Now that the exhibitions are concluding, two related questions arise. Have the effort, expense, and risk of physical damage to the art been worthwhile? And why the current degree of interest in Guercino? The answer to the first question must be a mixed one. It was gratifying to see a considerable group of his works in America for the first time, just as it was impressive to see the recent show of his drawings at the British Museum.24 However, the major exhibition—especially as seen in Bologna—hardly justified itself, particularly since little effort was made to go beyond the ideas about Guercino that were put forward by Denis Mahon for the exhibition in Bologna of 1968. The present catalog simply reprints with slight revisions his five essays from 1968. Some important paintings have emerged since then, notably the two large and beautiful canvases painted by Guercino in 1619 for Cardinal Serra: the Saint Sebastian Succored, which was in the Washington exhibition, and the Samson Arrested by the Philistines (which turned up in Beirut, owned by Lady Cochrane, a descendant of the Serra family; it is now in the Metropolitan Museum and cannot be lent.)25 Lacking, however, were both the new material and the significant new approach to the artist that would have justified so large an exhibition.

This raises the second question: Why is so much attention now being devoted to Guercino? One has the impression that it has much to do with Sir Denis Mahon. This historian, connoisseur, and collector, now eighty-two years old, has done more than anyone else to advance our knowledge of Guercino. After his early interest in art history was encouraged by Kenneth Clark at Oxford, Mahon audited the lectures at the Courtauld Institute in 1933–1934 of the German-Jewish émigré scholar Nikolaus Pevsner, one of the few people anywhere then interested in the seicento. (Pevsner, the brother of the sculptors Antoine Pevsner and Naum Gabo, is today probably best known for producing the monumental Buildings of England series.) Inspired by Pevsner, Mahon, the heir to a banking fortune, resolved to study an artist who, as it happens, kept a detailed account book. The result was Studies in Seicento Art and Theory, published by the Warburg Institute in 1947, which is still remarkable for its understanding of contemporary artistic thinking and its ambitious attempt to explain changes in style partly by taking account of the writings on art of the period. Mahon not only provided the detailed catalogs for the 1968 Bologna exhibition but has done the main work of sorting out Guercino’s immense corpus of drawings; he is also listed as “scientific adviser” in preparing the catalogue raisonné of the paintings.26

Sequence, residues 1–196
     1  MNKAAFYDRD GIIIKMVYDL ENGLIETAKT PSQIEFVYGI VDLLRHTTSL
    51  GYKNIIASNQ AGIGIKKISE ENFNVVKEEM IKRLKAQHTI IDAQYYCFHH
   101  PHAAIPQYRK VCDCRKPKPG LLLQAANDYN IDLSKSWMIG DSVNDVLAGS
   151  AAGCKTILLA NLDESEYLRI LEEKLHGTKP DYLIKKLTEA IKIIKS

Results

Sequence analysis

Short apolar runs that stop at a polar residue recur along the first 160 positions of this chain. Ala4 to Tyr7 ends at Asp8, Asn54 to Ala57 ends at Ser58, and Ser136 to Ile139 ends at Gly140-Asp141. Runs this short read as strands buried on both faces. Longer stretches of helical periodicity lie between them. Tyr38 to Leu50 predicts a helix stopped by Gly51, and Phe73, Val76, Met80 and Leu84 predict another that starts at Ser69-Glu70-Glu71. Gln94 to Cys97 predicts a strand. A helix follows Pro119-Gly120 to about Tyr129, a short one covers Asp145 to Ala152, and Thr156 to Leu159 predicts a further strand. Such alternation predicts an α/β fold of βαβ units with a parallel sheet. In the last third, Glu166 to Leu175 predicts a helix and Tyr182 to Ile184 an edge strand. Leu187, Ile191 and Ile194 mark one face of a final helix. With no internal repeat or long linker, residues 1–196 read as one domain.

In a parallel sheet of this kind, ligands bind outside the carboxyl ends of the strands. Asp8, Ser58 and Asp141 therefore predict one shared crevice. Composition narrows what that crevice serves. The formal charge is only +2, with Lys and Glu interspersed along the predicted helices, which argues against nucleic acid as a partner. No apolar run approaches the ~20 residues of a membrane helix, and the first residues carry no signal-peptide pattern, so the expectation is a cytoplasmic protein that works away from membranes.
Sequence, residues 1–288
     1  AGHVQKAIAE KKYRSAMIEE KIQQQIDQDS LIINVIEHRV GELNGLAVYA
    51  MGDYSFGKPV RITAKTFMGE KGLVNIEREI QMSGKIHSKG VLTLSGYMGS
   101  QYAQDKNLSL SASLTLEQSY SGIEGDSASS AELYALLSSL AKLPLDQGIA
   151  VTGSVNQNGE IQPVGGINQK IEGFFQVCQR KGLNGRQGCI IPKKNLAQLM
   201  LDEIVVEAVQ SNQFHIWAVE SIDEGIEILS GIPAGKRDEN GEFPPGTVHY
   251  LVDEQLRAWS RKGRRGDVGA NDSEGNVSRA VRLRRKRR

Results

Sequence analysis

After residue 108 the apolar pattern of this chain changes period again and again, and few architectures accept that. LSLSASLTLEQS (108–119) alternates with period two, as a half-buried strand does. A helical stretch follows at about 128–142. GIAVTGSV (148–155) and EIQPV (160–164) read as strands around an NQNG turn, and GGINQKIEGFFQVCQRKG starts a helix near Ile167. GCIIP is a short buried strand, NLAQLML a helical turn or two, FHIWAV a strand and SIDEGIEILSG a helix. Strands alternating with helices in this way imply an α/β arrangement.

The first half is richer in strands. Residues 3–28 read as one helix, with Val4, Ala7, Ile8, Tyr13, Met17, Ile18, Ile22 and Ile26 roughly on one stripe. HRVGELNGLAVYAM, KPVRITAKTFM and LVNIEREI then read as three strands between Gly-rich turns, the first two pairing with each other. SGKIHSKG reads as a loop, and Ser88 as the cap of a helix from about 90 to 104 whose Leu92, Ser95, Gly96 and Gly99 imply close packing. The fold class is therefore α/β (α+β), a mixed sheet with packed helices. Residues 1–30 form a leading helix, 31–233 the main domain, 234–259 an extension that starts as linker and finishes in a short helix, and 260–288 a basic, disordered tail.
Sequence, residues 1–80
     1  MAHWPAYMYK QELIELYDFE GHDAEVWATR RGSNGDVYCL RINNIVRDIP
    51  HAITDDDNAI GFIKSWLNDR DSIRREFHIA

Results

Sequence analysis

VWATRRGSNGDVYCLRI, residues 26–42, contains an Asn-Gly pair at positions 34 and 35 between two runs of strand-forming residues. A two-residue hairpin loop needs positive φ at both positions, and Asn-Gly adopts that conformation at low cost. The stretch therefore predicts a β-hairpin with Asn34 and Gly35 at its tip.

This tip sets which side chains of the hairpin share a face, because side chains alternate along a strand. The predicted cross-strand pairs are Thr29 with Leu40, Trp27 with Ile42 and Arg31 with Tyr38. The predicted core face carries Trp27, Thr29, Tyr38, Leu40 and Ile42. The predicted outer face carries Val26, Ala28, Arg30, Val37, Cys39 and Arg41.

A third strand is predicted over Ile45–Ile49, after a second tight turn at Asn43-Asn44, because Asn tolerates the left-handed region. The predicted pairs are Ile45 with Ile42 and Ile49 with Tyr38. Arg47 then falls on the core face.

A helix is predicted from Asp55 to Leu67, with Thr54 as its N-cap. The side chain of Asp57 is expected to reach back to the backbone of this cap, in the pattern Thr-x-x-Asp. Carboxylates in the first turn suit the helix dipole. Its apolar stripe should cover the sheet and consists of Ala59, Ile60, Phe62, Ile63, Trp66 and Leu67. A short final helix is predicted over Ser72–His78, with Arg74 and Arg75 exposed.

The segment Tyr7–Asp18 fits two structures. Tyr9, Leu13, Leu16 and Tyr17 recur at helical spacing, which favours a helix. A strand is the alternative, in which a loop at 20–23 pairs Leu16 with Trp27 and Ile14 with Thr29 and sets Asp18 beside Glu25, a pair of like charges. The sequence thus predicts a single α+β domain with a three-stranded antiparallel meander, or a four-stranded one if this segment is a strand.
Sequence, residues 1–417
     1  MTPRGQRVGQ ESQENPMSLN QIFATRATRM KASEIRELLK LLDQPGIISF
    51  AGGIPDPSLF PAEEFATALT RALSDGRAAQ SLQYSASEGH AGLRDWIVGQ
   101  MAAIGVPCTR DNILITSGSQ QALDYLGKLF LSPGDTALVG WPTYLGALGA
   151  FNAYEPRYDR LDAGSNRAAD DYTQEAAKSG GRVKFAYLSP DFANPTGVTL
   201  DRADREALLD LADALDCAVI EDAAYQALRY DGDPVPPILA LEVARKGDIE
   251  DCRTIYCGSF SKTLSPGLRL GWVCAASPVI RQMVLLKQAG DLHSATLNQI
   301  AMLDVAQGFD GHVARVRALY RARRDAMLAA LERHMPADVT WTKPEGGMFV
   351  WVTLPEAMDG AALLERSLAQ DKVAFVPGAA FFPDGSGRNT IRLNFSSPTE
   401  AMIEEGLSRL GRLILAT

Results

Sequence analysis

Mahon has also made substantial contributions to the understanding of other seventeenth-century artists, such as Poussin, while at the same time amassing a collection of Guercino paintings and drawings that would be the envy of any museum in Italy or elsewhere.27 He has labored hard to preserve the British cultural heritage (for which he was given his knighthood) and has implied that most of his collection will be left to his country’s museums. Italians acknowledge that he has reawakened them to the significance of Guercino, and the exhibitions of the last two years seem as much an homage to Sir Denis as to the artist from Cento.

This Issue

July 16, 1992